The term Frame was introduced in Minsky's paper ``A Framework for Representing Knowledge''.[MIT AI Memo 306, 1974; reprinted in Brachman, R. and Levesque, H., Readings in Knowledge Representation, Morgan Kaufmann, 1985. Also see Minsky, Marvin, The Society of Mind, Simon & Schuster, 1986.]
A basic idea of frames is that people make use of stereotyped information about typical features of objects, images, and situations; such information is assumed to be structured in large units representing the stereotypes, and these units are what are referred to as ``frames''.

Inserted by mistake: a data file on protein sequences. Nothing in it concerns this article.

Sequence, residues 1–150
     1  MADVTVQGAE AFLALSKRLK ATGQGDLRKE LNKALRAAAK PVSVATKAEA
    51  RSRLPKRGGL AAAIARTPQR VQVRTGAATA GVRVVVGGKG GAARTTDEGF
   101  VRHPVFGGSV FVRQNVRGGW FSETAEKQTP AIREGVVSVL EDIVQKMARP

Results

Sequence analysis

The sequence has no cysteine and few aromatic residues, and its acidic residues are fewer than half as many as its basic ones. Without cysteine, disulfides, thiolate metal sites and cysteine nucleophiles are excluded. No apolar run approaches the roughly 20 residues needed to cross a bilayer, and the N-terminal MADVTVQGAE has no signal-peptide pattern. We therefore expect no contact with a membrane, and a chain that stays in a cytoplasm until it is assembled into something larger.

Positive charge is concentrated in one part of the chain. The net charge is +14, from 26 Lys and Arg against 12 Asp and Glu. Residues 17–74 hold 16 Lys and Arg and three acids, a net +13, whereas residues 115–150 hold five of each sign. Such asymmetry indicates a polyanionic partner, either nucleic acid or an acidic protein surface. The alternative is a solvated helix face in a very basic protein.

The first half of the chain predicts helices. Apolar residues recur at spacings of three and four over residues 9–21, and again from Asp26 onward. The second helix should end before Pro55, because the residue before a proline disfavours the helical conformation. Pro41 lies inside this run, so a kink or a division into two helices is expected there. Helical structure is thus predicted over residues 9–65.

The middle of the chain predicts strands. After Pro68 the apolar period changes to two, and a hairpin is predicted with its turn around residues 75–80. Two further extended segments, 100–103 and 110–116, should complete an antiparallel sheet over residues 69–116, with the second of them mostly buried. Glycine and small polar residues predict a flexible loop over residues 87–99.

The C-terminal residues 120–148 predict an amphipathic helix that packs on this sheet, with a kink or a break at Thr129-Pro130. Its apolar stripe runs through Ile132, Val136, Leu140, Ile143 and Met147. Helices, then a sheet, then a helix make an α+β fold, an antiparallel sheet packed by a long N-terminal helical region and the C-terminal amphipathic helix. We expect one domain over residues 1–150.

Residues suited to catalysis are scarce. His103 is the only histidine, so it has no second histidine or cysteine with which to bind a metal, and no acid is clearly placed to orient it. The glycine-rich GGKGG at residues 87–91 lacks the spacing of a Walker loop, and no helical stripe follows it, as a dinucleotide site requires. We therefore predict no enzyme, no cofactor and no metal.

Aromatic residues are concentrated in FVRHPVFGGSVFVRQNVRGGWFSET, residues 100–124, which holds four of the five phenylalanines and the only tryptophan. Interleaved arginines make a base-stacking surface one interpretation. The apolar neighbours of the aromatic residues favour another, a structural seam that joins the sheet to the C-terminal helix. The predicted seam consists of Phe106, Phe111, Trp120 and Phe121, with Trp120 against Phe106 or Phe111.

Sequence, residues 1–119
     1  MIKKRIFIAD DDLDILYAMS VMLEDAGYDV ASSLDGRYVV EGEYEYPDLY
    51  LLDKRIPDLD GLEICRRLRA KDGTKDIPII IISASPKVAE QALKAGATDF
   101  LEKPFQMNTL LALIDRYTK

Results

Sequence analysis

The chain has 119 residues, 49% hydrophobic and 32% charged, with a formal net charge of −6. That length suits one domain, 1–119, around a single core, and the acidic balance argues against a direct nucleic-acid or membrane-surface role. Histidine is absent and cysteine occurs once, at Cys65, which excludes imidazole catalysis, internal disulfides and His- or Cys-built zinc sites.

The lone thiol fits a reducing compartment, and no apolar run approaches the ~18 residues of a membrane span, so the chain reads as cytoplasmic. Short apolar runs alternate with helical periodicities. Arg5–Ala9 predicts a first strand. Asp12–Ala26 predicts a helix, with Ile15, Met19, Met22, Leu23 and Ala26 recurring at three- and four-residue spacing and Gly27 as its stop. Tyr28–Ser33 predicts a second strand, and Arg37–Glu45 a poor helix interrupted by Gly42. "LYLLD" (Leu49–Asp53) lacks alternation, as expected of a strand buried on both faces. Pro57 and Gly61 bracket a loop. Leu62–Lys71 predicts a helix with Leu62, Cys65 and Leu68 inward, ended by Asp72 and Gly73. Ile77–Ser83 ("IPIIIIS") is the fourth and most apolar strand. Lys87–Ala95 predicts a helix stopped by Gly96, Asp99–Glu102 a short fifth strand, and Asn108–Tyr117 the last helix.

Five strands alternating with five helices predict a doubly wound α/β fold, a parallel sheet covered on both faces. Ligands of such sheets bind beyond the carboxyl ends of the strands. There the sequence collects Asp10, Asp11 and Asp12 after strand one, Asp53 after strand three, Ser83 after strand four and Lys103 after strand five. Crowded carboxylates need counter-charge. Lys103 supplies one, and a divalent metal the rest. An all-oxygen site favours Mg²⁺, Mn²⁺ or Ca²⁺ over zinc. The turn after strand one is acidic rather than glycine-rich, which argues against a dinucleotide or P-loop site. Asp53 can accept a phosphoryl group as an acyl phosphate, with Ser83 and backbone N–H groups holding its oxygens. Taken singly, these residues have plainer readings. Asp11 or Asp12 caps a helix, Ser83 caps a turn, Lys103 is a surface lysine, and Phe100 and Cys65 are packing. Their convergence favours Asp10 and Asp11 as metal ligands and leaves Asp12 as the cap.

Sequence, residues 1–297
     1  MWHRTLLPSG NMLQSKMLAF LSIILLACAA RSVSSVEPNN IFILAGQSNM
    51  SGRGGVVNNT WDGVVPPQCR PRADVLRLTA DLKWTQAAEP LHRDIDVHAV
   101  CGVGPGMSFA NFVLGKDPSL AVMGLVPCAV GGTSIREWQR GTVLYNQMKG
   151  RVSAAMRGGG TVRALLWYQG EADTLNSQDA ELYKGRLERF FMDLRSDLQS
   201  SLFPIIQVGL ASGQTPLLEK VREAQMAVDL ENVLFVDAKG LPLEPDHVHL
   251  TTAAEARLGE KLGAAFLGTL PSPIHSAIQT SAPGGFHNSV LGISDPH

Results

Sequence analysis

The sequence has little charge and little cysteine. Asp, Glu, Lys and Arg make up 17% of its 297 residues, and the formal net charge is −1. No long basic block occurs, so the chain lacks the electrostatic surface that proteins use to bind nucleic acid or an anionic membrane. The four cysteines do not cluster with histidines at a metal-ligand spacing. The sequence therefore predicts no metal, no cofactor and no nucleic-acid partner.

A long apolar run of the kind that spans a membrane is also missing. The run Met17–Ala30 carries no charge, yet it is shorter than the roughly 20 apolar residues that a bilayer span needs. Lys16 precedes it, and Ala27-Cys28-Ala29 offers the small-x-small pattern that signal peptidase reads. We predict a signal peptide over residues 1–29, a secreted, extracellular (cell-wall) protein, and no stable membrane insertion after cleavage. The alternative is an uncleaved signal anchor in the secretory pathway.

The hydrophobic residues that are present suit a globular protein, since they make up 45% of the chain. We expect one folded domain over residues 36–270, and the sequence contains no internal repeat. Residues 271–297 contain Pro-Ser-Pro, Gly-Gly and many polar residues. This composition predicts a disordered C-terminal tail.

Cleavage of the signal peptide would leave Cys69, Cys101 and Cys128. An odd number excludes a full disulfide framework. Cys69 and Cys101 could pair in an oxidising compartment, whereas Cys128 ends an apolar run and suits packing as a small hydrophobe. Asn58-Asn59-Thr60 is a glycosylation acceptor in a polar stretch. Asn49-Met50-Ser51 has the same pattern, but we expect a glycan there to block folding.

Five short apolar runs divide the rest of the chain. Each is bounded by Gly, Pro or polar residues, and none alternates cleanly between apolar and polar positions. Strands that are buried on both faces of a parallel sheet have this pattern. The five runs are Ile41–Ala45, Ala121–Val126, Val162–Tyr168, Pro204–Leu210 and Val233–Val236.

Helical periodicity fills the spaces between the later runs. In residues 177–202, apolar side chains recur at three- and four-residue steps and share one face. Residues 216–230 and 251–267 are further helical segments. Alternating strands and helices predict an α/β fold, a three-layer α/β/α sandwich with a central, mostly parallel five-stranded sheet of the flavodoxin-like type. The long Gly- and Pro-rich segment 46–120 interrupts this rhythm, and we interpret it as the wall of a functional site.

Frames (or something similar) are important because they allow deep understanding of new situations about which only minimal information is directly available. They represent our understanding of regularities in the universe that allow intelligent action based on minimal clues.
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